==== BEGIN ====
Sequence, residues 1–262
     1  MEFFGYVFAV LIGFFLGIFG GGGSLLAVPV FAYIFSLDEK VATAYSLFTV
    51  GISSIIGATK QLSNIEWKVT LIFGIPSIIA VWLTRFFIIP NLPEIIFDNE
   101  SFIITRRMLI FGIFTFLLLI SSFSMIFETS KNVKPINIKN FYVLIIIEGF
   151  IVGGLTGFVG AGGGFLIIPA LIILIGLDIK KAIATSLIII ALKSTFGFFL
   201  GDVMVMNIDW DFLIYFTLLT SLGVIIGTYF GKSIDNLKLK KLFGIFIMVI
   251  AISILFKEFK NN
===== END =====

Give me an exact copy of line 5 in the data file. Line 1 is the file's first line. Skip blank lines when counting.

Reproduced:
   151  IVGGLTGFVG AGGGFLIIPA LIILIGLDIK KAIATSLIII ALKSTFGFFL